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close this bookGATE - 4/92 - Networking: Lessons and Hopes (GTZ GATE, 1992, 56 p.)
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Networking for sustainable agriculture

by Bertus Haverkort, Laurens van Veldhuizen and Carine Alders

For the movement on Low-External-Input and Sustainable Agriculture (LEISA) networking is an important tool. During a workshop in the Philippines in March 1992, attended by some 40 participants from 23 countries, experiences in networking were evaluated. The authors summarize the lessons of this workshop.

The workshop was organized jointly by the International Institute of Rural Reconstruction (IIRR), World Neighbors and ILEIA (Information Centre for Low External Input and Sustainable Agriculture, The Netherlands). The objective of the workshop was to make an inventory of experience in networking and to indicate ways in which networking could further enhance sustainable agriculture.

There are two main reasons why we feel that networking is important and should be given more attention. First of all, the approach to development is changing. Development activities used to be organised in a top-down way. There was little need for organisations at different levels, like grassroot, extension and research, to share experiences and give mutual support. Information supposingly trickles down from researchers to extension officers to individual farmers.

It becomes clear now, that this kind of information is too general, may not be relevant, and
does not respond quickly enough to the changing environment farmers find themselves in. Emphasis is now rather on strengthening the capacity of farmers and communities to experiment, to become active developers and selectors of information they need. In other words, farmers, development organisations and researchers need to develop new technologies in a participatory way. For this approach, networking is a must.

Secondly, networking may be a tool to overcome major bottlenecks in developing Low-External-Input and Sustainable Agriculture. Some of these bottlenecks are related to agricultural development policies. These often still blindly favour agricultural intensification, where specialisation and high levels of external inputs are the keywords. They are mostly focussed on marketable and export commodities rather than on food crops for local consumption. Subsidies support the use of chemical farm inputs rather than at enhancing local biological and physical resources.


It is clear that a shift in these policies will not come automatically. An impact can only be made if farmers' groups, NGOs and research organisations work together. Here too, networking can play a major role. Other bottlenecks relate to development support organisations themselves. The tasks they face are manifold and complex. In the field of agricultural technologies they need to be aware of newly emerging technical and methodological possibilities to fit various local situations. They need skills in participatory methods of working with farmers. They must develop links with government agencies to obtain support for their field programmes and they have to follow national and international developments.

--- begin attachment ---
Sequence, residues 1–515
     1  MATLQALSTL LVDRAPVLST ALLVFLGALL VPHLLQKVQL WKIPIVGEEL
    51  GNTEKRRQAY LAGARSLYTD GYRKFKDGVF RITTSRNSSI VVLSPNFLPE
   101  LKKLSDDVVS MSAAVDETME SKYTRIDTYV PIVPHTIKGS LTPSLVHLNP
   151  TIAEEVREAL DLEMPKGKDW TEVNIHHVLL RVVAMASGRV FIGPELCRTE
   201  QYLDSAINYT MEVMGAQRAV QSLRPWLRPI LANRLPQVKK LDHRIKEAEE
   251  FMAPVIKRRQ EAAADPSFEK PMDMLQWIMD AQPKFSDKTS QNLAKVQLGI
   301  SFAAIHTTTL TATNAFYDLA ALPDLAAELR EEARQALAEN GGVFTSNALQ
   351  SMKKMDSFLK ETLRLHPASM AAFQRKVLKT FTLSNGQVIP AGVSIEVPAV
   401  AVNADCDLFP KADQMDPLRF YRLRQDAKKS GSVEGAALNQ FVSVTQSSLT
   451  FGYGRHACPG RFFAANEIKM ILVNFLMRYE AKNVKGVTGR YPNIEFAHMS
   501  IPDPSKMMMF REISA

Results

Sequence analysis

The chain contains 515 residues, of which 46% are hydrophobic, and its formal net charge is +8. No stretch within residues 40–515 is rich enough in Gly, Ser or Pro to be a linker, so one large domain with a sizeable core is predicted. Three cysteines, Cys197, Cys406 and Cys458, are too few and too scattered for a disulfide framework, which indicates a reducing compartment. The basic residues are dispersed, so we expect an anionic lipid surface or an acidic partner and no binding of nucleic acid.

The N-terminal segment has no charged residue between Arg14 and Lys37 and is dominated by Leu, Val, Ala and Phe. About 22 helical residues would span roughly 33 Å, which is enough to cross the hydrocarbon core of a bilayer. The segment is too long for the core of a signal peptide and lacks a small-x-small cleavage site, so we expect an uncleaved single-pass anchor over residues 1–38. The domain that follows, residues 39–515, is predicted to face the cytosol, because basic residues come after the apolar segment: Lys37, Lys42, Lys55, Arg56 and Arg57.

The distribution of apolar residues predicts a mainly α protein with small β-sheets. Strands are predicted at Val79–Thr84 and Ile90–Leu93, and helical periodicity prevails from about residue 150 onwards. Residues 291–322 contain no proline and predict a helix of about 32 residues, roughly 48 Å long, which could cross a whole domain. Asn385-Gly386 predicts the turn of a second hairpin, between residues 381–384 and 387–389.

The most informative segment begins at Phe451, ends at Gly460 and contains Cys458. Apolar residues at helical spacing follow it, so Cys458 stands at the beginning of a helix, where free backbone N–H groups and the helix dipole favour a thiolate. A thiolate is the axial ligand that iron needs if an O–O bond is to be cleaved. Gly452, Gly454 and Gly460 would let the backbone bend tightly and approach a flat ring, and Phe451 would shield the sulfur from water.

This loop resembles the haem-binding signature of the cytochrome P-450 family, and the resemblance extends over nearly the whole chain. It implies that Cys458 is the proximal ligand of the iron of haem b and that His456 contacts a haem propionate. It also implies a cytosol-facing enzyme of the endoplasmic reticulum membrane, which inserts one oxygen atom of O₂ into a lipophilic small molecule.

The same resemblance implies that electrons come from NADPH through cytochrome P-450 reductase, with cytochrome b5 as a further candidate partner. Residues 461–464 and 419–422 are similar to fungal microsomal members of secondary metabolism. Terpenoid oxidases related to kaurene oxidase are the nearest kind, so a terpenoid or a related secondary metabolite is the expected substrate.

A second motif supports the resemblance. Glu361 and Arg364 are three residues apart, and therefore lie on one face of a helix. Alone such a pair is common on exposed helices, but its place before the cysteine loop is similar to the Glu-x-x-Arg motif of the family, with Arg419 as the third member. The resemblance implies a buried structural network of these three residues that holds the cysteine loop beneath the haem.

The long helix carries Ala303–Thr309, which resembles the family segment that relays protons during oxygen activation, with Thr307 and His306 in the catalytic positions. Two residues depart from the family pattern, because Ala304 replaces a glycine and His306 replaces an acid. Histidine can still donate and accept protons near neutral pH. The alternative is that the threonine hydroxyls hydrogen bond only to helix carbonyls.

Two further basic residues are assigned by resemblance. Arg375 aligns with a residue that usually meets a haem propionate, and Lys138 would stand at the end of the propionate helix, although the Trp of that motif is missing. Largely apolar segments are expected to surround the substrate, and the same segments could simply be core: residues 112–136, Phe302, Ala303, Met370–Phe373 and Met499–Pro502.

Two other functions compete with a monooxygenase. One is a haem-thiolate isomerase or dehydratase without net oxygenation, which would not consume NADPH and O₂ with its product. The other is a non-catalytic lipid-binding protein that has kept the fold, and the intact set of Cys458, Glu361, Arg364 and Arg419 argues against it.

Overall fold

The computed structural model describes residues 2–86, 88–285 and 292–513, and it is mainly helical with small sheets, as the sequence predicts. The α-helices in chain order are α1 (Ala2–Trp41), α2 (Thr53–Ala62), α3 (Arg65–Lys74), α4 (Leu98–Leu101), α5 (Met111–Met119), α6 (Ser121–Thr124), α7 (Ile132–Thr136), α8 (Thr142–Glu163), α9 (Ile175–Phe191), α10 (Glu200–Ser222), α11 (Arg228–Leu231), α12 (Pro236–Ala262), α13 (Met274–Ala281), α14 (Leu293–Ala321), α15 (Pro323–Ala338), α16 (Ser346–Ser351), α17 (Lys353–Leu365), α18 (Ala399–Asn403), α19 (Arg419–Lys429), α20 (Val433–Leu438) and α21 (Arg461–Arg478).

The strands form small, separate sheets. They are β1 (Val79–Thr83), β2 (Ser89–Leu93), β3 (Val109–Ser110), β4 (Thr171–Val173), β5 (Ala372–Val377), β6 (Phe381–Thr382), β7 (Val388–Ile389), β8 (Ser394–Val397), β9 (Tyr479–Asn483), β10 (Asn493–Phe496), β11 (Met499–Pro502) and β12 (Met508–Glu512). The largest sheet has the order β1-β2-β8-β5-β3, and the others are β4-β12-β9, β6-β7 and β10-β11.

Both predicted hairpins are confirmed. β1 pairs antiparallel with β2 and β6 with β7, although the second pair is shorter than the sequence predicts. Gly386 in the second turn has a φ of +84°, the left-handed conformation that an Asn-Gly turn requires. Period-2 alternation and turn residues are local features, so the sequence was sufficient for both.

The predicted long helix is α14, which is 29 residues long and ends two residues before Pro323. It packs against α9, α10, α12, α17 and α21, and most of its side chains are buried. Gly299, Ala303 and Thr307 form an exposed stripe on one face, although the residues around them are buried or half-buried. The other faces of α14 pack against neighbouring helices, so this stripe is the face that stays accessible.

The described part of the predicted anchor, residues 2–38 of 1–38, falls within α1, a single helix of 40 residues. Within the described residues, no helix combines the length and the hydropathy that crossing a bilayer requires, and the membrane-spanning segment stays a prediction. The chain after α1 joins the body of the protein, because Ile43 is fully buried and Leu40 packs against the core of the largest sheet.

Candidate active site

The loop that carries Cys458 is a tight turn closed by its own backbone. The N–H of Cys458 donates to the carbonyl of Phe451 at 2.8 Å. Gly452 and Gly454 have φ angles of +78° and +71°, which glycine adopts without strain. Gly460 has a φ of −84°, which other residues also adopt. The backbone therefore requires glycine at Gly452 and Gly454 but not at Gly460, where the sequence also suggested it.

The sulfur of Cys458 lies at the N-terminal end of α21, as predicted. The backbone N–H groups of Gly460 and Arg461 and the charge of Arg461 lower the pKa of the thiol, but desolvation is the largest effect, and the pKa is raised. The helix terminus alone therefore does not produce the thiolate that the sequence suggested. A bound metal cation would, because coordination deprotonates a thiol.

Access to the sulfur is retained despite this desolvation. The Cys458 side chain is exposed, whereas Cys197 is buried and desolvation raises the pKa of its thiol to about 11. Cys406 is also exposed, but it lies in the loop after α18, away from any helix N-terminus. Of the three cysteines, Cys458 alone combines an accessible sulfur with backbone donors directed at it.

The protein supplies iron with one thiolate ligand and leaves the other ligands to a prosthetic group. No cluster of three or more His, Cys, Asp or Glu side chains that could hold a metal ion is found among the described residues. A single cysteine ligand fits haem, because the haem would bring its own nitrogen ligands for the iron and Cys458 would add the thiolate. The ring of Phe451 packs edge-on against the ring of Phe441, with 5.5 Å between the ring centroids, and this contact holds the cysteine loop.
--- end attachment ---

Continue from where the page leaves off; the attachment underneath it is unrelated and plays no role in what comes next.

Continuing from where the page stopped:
Rather than each individual organisation carrying out this great variety of tasks for themselves, cooperation should be sought. In a network, development organisations could combine strengths and divide tasks.

During the workshop, we used the following definition:

A network is any group of individuals and/or organisations who on a voluntary basis, exchange information or goods or implement joint activities and who organised themselves in such a way that the individual autonomy remains intact.

However, networks can have many different forms and use different procedures depending on the specific situation. The participants of the Philippine workshop represented a wide variety of network types. Formal and more informal networks were represented, some working on a local level while others having a more global orientation, some specialised in one issue while others focussed on sustainable agriculture in general. This allowed the workshop to explore the comparative advantages of and the complimentarily between these types of networks.

One of the management problems in networking: centralization. Illustration: Studio Driya Media/ILElA


The authors describe the experiences of networks in low-external-input and sustainable agriculture. In their view networking is essential to overcome information deficits. It is a means of establishing effective links between farmers, NGOs and researchers working in this field. According to the authors an important precondition for networking is precisely defined aims and a willingness to devote time and energy to the network at the expense of one's own programmes.


Les auteurs decrivent les experiences realisees avec des reseaux operant dans le secteur de l'agriculture ecologique. La formation des reseaux est indispensable afin de combler le lacunes existent au niveau de l'information. Des contacts effectifs peuvent ainsi etre etablis entre des paysans, des organisations non gouvernementales et des chercheurs actifs dans ce domaine. La formation d'un reseau est liee a deux conditions importantes, a savoir la determination precise des objectifs et la disposition a consacrer du temps et de l'energie au reseau, au detriment des propres programmes.


Los autores describer las experiencias de redes pare la agriculture ecologica. La creacion de redes seria una necesidad absolute pare salver deficites de informacion. De este modo se crean contactos eficaces entre agricultores. Organizaciones no gubernamentales e investigadores activos en este campo. Condicion previa esencial pare la formacion de redes seria la determinacion precise de los objetivos asi como la disposicion a sacrificer pare la red tiempo y energias en detrimento de programas propios.

Hierarchical differences: Membership disparity. Illustration: Studio Driya Media/ILElA

Paving the way

Networks are emerging at all levels at rapid speed. Although this is a positive process, it is realised now that one needs to spend some time defining the network's objectives before jumping into large-scale structures and activities. In some cases, the network organisers may have a clear vision of their objectives, but have not formally articulated or communicated these objectives to other participants in the network. The result is that the network has a difficult time in determining its direction or activities, lacks a unifying theme and cannot sustain the interest of its participants.

Based on experiences of workshop participants, a number of questions could be formulated which need to be answered before a network is started. These include: